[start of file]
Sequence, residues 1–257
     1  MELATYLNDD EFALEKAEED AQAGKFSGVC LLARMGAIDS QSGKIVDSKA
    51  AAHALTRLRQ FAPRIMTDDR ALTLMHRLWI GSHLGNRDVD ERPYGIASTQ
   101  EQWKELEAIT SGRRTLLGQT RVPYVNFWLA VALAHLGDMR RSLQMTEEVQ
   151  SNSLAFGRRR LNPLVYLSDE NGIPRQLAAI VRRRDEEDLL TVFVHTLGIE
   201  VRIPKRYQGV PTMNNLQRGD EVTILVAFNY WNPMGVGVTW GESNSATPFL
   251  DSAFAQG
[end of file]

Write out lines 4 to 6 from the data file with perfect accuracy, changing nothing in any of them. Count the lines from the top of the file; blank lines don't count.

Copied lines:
   101  EQWKELEAIT SGRRTLLGQT RVPYVNFWLA VALAHLGDMR RSLQMTEEVQ
   151  SNSLAFGRRR LNPLVYLSDE NGIPRQLAAI VRRRDEEDLL TVFVHTLGIE
   201  VRIPKRYQGV PTMNNLQRGD EVTILVAFNY WNPMGVGVTW GESNSATPFL